This week, Parliament debated Riverford Farm’s petition for a fairer deal for small farmers. They have pointed out that alarmingly, just under 50% of small farms growing fruit and veg are at risk of going out of business, with 75% of them stating that supermarkets are to blame. This petition, signed by over 100k people, not only shows the strength of feeling many of us have about our food and its origin, but also the huge appreciation and need for our small farmers.
Riverford have put forward five principles that need to be adopted by supermarkets and their producers. Specifically, that; supermarkets buy what they committed to buy, pay on time, commit to long term arrangements, agree on fair specifications and finally, pay what they agreed to pay. Readers might be alarmed that such simple principles need to even be stated at all. But for too long, many farmers have been at the mercy of last minute changes brought on by supermarkets.
This instability has ground down the enthusiasm of small farmers across the country, it has aggravated working relationships and reduced confidence in the future of farming. We are rightly proud of what we grow on these shores, and through Acts such as the Agriculture Act and Procurement Act, significant steps have already been taken to improve the support and encouragement provided for farmers. However, if the relationship with the private sector is not working then further investigation needs to be held.
Already the reviews held by the Government into the pork and poultry markets of the UK have set new standards that are showing tentative positive outcomes, but more needs to be done. We need the Government to use the Agriculture Act to its full potential. The laws within it contain the right to enshrine contracts between producer and supplier, to update the powers of the Groceries Supply Code of Practice, and to use our food security reviews to ensure we are moving up, not down, the scale.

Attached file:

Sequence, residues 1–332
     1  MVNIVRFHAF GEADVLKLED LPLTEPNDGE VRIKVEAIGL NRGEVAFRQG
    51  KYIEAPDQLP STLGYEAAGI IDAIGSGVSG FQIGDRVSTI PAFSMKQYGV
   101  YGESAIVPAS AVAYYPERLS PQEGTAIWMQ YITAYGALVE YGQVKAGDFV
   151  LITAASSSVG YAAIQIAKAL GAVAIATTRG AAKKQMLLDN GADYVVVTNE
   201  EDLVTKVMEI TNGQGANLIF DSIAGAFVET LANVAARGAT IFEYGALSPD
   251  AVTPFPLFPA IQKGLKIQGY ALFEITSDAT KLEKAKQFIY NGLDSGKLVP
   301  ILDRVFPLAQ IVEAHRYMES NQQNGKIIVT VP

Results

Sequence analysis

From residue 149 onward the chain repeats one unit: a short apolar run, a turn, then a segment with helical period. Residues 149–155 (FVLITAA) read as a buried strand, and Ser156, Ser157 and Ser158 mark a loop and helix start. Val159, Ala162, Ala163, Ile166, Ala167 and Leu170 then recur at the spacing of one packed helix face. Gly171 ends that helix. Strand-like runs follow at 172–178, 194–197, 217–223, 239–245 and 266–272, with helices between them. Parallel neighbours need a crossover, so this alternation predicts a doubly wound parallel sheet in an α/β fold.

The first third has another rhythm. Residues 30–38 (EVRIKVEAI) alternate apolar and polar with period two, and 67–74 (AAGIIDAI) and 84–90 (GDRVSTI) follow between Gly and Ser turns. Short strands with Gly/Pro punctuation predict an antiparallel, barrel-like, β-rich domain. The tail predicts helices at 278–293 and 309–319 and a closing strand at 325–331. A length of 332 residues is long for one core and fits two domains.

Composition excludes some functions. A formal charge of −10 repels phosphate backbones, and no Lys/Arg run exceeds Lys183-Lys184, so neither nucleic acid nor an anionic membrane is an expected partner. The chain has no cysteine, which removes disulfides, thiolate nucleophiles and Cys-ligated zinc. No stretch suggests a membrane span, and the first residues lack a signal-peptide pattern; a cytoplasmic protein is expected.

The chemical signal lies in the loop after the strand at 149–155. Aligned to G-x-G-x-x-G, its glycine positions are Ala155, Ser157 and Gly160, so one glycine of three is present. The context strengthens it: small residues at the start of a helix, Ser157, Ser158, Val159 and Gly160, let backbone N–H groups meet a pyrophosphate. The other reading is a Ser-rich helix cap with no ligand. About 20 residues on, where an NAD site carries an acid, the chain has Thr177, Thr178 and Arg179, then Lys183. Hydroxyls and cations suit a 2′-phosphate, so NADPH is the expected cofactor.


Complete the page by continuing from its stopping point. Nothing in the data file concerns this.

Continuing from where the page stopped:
As, I have written in these pages before, we should also use the Procurement Act to utilise the Government’s £4.6bn public food procurement spending to provide greater access to small farms and small producers. For too long, these enormous budgets have only been accessible to large distributors and enormous food producers, the Act, passed last year, provides a new opportunity for Government to help create new supply chain systems and actively encourage small farmers to take advantage of local contracts for schools, hospitals, prisons and public organisations.
Government action can change the habits of the private sector for the better by leading by example. From there, we can actively encourage more proactive supply chain platforms to improve access and availability of local food.
When I worked in shipping, the code of conduct was dictated by the Latin phrase “Dictum Meum Pactum” meaning “my word is my bond”. I see no reason why farmers should not expect the same working relationship as nearly every other industry in the country, and for these words to hold the same value and meaning in their business operation. Some supermarkets have already accepted they can do more, but it is clear from this worthwhile petition and indeed the debate in Westminster that there is a great deal further to go and that supermarkets need to be on the right side of this debate.